(2)
(3)

where and represent the PSF and SRF from the HrHSI to the HrMSI and the LrHSI, respectively. Since and are non-negative and normalized, and can be regarded as spatially downsampled abundances and spectrally downsampled endmembers, respectively. Therefore, an intuitive solution is to unmix and based on Eq. (2) and Eq. (3) alternately, which is coupled with the prior knowledge of and . Such a principle has been exploited in various optimization formulations, obtaining state-of-the-art fusion performance by linear approximation with converged and .

Constraints. Still, the issued HSI-SR problem involves the inversions from and to and , which are highly ill-posed. To narrow the solution space, several physically meaningful constraints are commonly adopted, they are the abundance sum-to-one constraint (ASC), the abundance non-negative constraint (ANC), and non-negative constraint on endmembers, i.e.,

(4)

where marks element-wise inequality, and represents

-length all-one vector. It is worth mentioning that the combination of ASC and ANC would promote the sparsity of abundances, which well characterizes the rule that the endmembers are sparsely contributing to the spectrum in each pixel.

Yet in practice, the prior knowledge of PSFs and SRFs for numerous kinds of imaging systems is hardly available. This restriction motivates us to extend the current coupled unmixing model to a fully end-to-end framework, which is only in need of LrHSI and HrMSI. To estimate and in an unsupervised manner, we introduce the following consistency constraint,

(5)

where denotes the latent LrMSI.

3.3 Network Architecture

Inspired by the recent success of deep networks on visual processing tasks, we would like to first perform coupled spectral unmixing by the established two-stream convolutional autoencoder for the two-modal inputs, i.e., we consider two deep subnetworks, with to self-express the LrHSI, for the HrMSI, and the fused result can be obtained by , herein collects the weights of corresponding subpart.

In specific, as shown in Fig. 1, both encoders and are constructed by cascading “Convolution+LReLU” blocks with an additional convolution layer. We set the sizes of convolutional kernels in all as while those in are with larger but descending scales of the receptive field. The idea behind this setting is to take the low fidelity of spatial information in LrHSI into consideration and simultaneously map the cross-channel and spatial correlations underlying HrMSI. Furthermore, to ensure that the encoded maps are able to possess the properties of abundances, an additional activation layer using the clamp function in the range of is concatenated after each encoder. As for the structure of decoders and , we simply adopt a convolution layer without any nonlinear activation, making the weights and interpretable as the endmembers and according to Eq. (2) and Eq. (3). By backward gradient descent-based optimization, our backbone network can not only avoid the need for good initialization for conventional unmixing algorithms but also enjoy the amelioration brought by its capability of local perception and nonlinear processing.

Cross-Attention. To further exploit the advantageous information from the two modalities, we devise an effective cross-attention module to enrich the features across modalities. As shown in Fig. 2, the cross-attention module is employed on high-level features within the encoder part, with three steps to follow. First, we compute the spatial and spectral attention from the branch of LrHSI and HrMSI, since they can provide with more faithful spatial and spectral guidance. Next, we multiply the original features with the attention maps from another branch to transfer the significant information. Lastly, we concatenate the original features with the above cross-multiplications in each branch, to construct the input of next layer in the form of such preserved and refined representation.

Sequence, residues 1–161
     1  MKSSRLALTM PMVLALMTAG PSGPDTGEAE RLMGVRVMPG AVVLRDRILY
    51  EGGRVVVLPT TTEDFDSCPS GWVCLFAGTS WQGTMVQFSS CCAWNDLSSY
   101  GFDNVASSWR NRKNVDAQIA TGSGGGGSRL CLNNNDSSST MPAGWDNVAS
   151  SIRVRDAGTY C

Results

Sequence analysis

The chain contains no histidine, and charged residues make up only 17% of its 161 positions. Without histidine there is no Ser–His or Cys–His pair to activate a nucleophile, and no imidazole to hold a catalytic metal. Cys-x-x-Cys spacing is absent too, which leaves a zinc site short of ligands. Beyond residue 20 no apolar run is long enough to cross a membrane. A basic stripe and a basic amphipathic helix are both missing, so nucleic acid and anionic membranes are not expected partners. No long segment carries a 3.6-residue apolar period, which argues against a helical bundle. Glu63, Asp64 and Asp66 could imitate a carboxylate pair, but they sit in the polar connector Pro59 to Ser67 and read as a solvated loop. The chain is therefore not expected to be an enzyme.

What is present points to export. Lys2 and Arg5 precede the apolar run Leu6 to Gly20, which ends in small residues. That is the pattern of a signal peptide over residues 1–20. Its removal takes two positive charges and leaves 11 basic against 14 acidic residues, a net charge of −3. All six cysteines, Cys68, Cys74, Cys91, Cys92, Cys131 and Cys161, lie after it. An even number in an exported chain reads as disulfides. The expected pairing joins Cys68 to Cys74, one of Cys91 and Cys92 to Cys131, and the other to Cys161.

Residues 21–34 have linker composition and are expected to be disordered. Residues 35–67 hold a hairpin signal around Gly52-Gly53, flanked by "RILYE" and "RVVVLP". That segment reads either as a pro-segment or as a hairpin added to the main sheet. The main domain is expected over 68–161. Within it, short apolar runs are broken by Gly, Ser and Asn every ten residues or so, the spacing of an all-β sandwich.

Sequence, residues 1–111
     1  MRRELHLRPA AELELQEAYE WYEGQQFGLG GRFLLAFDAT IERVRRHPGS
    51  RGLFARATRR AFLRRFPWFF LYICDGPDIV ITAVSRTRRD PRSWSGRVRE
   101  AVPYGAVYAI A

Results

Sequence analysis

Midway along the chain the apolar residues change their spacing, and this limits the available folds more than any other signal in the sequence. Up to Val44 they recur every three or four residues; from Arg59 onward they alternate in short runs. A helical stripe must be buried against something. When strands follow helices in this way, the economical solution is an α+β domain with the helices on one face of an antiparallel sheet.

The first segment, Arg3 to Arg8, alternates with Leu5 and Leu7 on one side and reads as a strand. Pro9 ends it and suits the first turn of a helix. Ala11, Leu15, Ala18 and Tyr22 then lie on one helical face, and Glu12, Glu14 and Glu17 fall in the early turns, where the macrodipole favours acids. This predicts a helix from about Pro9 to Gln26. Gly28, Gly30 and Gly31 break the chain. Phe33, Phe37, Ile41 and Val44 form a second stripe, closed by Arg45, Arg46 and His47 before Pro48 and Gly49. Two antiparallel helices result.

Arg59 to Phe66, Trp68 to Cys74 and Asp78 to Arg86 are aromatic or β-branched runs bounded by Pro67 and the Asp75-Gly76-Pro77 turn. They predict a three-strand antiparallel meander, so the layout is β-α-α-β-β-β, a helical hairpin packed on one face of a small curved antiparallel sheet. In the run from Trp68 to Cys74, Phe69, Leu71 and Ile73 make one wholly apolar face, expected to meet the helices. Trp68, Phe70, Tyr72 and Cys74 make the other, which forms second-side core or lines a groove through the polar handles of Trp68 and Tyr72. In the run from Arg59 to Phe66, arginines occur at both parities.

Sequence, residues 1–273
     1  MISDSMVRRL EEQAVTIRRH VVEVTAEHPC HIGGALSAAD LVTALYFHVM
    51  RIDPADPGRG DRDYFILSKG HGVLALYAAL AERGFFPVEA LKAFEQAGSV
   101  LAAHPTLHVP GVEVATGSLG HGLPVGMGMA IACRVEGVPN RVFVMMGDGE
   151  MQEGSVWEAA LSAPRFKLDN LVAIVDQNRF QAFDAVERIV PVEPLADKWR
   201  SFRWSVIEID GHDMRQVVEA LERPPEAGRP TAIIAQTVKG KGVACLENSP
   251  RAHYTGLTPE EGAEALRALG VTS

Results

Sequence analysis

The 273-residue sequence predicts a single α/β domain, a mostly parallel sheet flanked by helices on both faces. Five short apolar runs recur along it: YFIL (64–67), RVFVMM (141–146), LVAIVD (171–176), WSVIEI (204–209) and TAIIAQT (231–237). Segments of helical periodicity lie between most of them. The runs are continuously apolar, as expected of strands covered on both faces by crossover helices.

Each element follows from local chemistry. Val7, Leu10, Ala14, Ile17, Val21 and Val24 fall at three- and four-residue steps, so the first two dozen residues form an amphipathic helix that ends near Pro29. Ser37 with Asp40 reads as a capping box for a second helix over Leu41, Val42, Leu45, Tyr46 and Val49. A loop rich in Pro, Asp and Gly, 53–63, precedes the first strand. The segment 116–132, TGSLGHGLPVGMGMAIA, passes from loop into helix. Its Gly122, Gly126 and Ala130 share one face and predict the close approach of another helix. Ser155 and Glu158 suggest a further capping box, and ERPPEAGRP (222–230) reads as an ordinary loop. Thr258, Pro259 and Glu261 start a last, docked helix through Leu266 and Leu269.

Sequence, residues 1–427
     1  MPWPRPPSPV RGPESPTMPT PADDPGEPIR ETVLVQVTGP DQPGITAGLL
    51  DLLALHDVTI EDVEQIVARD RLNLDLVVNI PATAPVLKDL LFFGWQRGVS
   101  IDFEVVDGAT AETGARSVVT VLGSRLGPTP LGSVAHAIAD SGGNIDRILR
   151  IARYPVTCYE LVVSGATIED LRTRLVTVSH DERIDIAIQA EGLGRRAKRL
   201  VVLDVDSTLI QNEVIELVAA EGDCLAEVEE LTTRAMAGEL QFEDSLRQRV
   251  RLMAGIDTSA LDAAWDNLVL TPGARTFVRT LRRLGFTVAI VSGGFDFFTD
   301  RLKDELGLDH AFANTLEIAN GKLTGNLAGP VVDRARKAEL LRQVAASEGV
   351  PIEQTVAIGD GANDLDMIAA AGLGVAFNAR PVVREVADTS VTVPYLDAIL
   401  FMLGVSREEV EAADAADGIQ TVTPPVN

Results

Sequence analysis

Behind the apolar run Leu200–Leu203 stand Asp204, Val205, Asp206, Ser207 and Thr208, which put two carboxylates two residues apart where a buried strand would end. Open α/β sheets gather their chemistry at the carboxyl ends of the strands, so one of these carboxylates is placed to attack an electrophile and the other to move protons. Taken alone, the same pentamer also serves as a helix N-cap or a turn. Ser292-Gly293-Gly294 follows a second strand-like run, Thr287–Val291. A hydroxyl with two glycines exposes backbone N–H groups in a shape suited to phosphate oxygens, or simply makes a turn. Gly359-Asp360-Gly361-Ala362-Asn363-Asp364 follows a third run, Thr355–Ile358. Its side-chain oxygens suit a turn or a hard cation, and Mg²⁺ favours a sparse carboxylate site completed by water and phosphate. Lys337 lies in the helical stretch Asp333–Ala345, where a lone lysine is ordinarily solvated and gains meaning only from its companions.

Formally, the output features of the -th layer in the encoder part, take for example, are formulated as

(6)

which is similar for obtaining from . To gather the spatial and spectral significant information, we adopt global and local convolution to generate channel-wise and spatial statistics respectively as

(7)

where is a set of convolution filters with size , is the -th channel of a 3D convolution filter with spatial size as

. Then we apply a softmax layer to the above statistics to get the attention maps

, and , where

denotes the softmax activation function. The original features are finally fused into the input of next layer as

, and , where denotes the concatenation, and denotes the point-wise multiplication.

Spatial-Spectral Consistency. An essential part that tends to be ignored is related to the coupled factors caused by PSFs and SRFs. Previous researches typically assume an ideal average spatial downsampling and the prior knowledge of SRFs, which rarely exist in reality. Unlike them, we introduce a spatial-spectral consistency module into networks in order to better simulate the to-be-estimated PSF and SRF, which is performed by simple yet effective convolution layers.

We can rewrite the spectral resampling from the HS sensor to the MS sensor by revisiting the left part of Eq. (3) more accurately as follows. Given the spectrum of -th pixel in HrHSI , for the -th channel in corresponding LrHSI, the radiance is defined as

(8)